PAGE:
1. Thanks for the feedback, Jimmy! Agreed...balance is tough and we can be our own worst critic. I am certainly guilty of looking at the next thing and not living in the moment...will have to be better there. Keep up the amazing are a great model of continuous learning and leadership.

  2. Joe,

    Great post; I salute you for sharing your obvious wisdom on this topic. You make the important point that we must tightly align the terms "Leader" and "Learner." I do not think we can lead if we are not learning and whenever we learn we subsequently have opportunities to lead if we choose to take them. In your opening paragraph you suggest that to this day you still do not know what is meant by "leadership ability." You certainly touched on at least much of what it means in this post--including even in the very next sentence---a huge part of leadership is providing consistent energy and enthusiasm necessary to get the job done. Thanks again for sharing,


    1. Thanks Jeff!!! Always trying to grow...really appreciate the connection and feedback!!

  3. Joe,

    Great stuff as always. I love the concept of proclaiming your "big three." We've done this with school goal setting, but I REALLY like the idea of owning and sharing a personal 3. I'm going to reflect on this for's my preliminary trifecta:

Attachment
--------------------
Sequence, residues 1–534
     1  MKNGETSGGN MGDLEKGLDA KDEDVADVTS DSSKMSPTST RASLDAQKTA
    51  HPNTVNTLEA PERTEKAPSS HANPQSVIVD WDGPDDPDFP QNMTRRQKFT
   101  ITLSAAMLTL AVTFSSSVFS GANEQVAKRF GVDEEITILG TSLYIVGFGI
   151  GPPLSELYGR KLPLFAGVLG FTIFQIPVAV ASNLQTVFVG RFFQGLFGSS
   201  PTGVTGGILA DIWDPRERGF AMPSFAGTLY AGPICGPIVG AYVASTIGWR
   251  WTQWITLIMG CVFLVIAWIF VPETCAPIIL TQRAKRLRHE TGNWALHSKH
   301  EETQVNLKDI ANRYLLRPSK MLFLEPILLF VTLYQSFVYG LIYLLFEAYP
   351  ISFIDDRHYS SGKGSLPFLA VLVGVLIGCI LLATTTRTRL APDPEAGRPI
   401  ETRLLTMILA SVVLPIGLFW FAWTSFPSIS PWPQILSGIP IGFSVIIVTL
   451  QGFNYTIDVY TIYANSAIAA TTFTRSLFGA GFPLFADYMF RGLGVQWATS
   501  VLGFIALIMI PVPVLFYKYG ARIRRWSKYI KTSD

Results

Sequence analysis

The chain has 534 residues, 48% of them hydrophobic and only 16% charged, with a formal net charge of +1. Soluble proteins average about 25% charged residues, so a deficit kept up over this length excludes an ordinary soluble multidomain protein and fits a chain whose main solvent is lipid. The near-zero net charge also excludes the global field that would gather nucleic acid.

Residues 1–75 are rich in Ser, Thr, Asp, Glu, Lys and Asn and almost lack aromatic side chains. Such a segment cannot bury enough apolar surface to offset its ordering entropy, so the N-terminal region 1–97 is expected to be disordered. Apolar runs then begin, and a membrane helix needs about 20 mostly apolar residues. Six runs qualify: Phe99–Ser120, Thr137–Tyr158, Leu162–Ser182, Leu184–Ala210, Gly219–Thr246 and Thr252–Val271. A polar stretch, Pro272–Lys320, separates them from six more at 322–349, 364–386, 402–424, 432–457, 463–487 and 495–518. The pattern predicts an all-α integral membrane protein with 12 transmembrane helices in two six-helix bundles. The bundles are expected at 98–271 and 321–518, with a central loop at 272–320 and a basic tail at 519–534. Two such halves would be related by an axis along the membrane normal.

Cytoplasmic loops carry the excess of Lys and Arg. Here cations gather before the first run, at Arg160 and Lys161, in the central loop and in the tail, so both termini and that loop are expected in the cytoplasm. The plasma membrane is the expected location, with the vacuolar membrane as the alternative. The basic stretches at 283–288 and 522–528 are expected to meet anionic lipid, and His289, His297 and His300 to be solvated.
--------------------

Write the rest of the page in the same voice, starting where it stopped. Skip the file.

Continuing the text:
1.) Disregard the Impossible: Commit to an unparalleled level of support & innovation for student learning in a digital age.
    2.) Transform Pedagogy: Empower teachers to champion student learning using current-best practices.
    3.) Shine the Light: Serve our staff and students by humbly recognizing their amazing efforts on a regular basis...whether it's a 1:1 conversation or other authentic acknowledgement; their stories are worthy of being told.

    Thanks for your open sharing and leadership, Joe.


    1. Thanks Brad!!! Love the 3 things you came up with...especially Shine the Light. So many stories...your students deserve to have them heard. Appreciate the feedback!

  4. Well done, Joe. Having 3 things to focus on is something we can all do, so here are my three.
    1. Celebrate a risk with a staff member or student.
    2. Model energy and excitement.
    3. Share out the great things our Merton family is doing.
    Thanks for the push to keep getting better.

    1. Thanks Jay! Great 3 to focus on this year...your staff will love it!

  5. Joe,

    You really got my wheels spinning when you talked about working hard versus informing kids they're smart. This is an approach that I need to focus on with my students at Warner. Thanks for pushing my thinking!